Jack the Ripper stalks the streets of this London too. But this London has an Angel. The Angel of the Crows.

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I received an e-arc of this book via NetGalley in exchange for an honest review. Thank you so much Tor Books!

The moment I found out about this book, I was so pumped! It just seemed like a book made for me: supernatural fantasy, serial killers, alternate London?! I wanted to read it already! Fortunately, I had the pleasure of reading the e-arc!

Though I feel like it lacked in plot and world-building, The Angel of the Crows is entertaining enough to get you invested.

My thoughts on The Angel of the Crows

The Angel of the Crows is a good read! Did it blow me away as I hoped it would? No. Was it entertaining? Definitely! Did I get invested with the characters? Oh, yes.

As a whole, the story was entertaining. But I’m going to be honest and say that it has no real or main plot. Maybe the part about Jack the Ripper was supposed to be the bigger picture in the story, but it felt disjointed. It also wasn’t fleshed out for me (or maybe I was just looking for closure since Jack the Ripper was never caught in real life and I wanted to see how the author will go about it). The whole book is a series of different cases taken by Doyle and Crow, and we see them meet various people and creatures and solve one problem after another. For me, this allowed the book to be character-focused. It’s not exactly character-driven per se (since there were various sub-plots that moved the story forward), but as a reader, I was able to focus on the characters and get to know them. I adored Doyle and Crow as individual characters, and I also loved their tandem! (I also keep seeing gay subtext between, but that could just be me.)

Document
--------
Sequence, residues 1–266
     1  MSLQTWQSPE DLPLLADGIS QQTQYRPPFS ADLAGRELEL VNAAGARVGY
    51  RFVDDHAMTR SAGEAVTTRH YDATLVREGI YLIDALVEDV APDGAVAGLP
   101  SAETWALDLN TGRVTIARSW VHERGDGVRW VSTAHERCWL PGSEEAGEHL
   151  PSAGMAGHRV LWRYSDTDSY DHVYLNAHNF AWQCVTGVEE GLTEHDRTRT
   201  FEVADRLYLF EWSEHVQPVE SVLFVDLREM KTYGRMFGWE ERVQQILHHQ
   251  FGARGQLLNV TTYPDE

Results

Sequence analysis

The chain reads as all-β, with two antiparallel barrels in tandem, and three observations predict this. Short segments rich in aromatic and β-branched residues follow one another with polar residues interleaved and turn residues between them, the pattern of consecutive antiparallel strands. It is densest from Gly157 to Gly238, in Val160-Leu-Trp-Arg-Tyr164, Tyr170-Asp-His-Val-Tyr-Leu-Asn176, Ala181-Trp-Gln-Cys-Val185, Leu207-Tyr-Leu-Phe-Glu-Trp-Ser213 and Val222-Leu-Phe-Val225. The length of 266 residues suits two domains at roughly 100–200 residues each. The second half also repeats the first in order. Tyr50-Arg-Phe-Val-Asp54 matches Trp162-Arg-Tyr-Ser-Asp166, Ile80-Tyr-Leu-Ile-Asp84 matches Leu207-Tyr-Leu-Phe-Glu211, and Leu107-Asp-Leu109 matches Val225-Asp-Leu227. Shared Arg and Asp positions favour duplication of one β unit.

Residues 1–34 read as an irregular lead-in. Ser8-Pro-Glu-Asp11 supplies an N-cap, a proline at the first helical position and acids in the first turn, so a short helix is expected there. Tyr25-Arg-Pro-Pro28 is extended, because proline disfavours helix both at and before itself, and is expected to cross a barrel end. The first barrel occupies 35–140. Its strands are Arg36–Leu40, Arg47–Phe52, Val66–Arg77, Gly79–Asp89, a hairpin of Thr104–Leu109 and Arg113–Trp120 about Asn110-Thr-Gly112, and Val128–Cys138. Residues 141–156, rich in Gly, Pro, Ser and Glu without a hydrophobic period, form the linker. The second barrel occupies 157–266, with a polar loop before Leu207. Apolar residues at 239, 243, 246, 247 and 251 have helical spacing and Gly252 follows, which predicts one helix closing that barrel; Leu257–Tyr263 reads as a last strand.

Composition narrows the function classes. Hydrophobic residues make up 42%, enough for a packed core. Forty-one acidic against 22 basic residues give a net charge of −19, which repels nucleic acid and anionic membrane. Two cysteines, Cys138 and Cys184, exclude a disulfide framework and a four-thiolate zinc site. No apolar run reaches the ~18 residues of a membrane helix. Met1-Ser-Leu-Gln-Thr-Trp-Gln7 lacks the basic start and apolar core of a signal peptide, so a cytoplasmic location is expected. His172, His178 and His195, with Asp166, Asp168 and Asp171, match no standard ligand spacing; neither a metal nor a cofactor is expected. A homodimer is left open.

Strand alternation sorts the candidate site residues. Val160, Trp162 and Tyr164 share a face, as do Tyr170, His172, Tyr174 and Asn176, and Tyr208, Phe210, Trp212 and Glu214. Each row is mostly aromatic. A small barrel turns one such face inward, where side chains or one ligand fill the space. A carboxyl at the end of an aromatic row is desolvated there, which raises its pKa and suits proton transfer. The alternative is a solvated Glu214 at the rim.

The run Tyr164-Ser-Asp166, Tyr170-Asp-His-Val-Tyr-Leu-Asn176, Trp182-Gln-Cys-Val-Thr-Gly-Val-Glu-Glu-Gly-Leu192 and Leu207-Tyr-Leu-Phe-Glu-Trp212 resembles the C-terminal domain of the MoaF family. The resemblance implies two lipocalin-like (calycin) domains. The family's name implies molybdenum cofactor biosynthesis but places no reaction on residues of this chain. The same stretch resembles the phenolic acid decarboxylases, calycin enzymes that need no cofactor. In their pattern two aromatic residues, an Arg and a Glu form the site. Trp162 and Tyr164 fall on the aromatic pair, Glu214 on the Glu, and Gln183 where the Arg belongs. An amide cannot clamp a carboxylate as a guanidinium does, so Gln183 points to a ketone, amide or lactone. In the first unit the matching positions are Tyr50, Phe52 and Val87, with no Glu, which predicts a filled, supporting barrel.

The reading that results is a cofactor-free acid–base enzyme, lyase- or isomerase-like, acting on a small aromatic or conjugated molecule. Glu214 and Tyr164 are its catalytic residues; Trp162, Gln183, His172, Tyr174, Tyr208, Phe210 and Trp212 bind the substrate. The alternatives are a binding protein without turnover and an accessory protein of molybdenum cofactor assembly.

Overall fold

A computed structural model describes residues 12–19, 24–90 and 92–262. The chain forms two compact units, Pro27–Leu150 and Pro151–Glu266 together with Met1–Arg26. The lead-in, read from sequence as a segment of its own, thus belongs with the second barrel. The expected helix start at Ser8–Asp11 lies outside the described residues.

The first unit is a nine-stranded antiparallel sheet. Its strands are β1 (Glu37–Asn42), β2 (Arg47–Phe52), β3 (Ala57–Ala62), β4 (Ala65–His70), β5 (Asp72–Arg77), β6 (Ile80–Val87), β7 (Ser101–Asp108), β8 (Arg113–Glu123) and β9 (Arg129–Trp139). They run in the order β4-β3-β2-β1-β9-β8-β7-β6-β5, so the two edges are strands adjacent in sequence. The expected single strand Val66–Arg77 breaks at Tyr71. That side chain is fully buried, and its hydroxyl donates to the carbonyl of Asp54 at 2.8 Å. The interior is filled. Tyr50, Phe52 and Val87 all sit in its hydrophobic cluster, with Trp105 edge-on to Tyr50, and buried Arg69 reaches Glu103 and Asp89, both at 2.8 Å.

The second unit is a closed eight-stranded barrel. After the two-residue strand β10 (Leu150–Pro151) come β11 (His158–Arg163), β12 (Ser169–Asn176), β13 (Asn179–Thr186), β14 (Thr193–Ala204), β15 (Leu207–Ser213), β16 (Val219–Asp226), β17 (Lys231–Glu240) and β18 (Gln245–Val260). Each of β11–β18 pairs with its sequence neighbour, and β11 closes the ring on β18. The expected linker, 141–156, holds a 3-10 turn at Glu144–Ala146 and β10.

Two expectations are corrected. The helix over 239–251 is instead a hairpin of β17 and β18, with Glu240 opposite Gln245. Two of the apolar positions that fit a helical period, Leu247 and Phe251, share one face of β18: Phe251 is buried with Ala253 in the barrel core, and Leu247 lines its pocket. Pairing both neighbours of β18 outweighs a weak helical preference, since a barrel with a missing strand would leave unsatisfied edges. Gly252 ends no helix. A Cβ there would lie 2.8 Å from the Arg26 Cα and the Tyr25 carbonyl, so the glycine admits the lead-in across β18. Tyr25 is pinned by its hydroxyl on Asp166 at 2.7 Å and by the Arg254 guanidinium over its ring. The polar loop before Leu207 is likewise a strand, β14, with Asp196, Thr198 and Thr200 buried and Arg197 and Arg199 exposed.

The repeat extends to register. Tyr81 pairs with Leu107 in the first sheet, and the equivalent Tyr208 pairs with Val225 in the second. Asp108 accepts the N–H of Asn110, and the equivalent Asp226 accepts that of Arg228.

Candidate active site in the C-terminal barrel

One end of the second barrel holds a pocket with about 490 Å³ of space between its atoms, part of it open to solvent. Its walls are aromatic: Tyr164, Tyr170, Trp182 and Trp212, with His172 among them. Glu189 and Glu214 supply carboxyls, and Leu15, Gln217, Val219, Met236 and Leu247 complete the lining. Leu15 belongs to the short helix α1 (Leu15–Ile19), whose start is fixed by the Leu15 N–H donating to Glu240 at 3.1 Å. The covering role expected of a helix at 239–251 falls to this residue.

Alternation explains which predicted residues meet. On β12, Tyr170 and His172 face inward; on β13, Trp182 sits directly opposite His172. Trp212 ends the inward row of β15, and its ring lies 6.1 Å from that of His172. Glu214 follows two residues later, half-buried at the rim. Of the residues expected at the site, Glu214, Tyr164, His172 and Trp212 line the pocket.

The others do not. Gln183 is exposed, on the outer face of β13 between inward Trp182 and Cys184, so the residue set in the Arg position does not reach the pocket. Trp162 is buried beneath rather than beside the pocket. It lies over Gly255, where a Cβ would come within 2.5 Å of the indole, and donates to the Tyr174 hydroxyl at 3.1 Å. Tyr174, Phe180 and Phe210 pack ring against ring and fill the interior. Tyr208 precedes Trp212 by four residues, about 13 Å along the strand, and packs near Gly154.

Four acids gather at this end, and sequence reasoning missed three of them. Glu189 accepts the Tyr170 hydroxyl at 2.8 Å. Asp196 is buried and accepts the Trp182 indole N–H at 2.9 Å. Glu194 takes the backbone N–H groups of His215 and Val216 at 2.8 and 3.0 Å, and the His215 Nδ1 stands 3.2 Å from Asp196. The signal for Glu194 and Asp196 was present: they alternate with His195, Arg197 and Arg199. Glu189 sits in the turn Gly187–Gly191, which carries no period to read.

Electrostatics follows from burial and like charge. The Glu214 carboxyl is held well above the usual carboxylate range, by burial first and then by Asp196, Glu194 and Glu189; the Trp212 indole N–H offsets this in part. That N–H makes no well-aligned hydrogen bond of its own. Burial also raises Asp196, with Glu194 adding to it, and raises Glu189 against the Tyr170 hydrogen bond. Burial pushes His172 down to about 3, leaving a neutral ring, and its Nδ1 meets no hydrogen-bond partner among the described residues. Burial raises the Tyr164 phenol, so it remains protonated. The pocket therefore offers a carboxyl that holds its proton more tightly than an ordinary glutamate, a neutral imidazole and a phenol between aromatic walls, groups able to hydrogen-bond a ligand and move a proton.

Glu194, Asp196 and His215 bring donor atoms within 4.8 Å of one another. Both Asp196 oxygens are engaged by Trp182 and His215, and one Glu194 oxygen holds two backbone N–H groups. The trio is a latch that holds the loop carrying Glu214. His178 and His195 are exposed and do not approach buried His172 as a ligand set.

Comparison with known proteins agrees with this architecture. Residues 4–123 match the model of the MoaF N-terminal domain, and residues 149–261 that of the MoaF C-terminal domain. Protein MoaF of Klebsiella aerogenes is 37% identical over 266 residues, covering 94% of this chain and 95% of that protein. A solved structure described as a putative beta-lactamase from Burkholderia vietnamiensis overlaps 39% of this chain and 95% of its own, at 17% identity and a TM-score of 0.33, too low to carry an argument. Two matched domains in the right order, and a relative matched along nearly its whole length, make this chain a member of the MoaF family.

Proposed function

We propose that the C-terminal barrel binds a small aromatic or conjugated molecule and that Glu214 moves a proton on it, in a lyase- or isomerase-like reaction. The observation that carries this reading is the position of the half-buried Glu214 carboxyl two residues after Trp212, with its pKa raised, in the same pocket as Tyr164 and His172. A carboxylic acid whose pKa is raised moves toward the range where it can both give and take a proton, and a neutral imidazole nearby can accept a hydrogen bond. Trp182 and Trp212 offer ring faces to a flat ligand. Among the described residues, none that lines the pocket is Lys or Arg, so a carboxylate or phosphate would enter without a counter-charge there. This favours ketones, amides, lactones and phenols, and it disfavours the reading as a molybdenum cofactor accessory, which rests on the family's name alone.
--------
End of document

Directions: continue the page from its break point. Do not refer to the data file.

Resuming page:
As for the world-building, oh how I craved for it. It was good, but I wanted more! Details about the other creatures are vague and lacking. There was enough background about angels, but as for the others, no.

To my surprise, there’s also LGBTQ+ rep in The Angel of the Crows. (Watch out for spoilers, highlight/select the following texts to see it!) Doyle was assigned female at birth, and said he’s neither a man or a woman in the later part of the book (I presume this is in regards to his gender identity). Crow is also an asexual being, considering he is an angel and angels feel no sexual attractions. It was also stated that angels can be both male and female. Though it was nice to see these representations, I feel like the author could have expounded more on it.

The author also said in the Author’s Note, that this story began as a Sherlock wingfic. Now, I’m not a fan of Sherlock Holmes (because I’ve never read the book, watched the movies, or anything), but I am very familiar with fanfics (as a fanfic reader myself!) and it was another pleasant surprise for me! Wingfics are fanfictions where characters (usually human) are reimagined with wings. I thought it was great that the author managed to create this story from what was once a fanfic. On the other hand, this also made me understand others’ sentiments about this book being a Sherlock “retelling”.

Overall, The Angel of the Crows is wonderful read. And if you feel like this book will suck you in, please read it!

Quotes from the book 

​“You cannot keep faith with the faithless.”

​​“If you don’t feel sexual desire and someone coerces you into having sexual relations with them, I don’t see how it’s anything other than rape.”

“Curiosity trumps most things.”

*Note that these quotes were taken from an advance reader’s copy and may differ from the final copy.


Buy The Angel of the Crows

Barnes & Noble | Amazon | Book Depository


Y’all, this is my last read for May! I can’t believe I actually finished it despite me being so busy these past few weeks. But anyway. How did your May reading go?

Book Review: Prosper’s Demon

Title: Prosper’s Demon
Author: K.J. Parker
My rating: ⭐⭐⭐⭐💫
Genre/s and tags: Adult, Fantasy, Paranormal, Gothic, Supernatural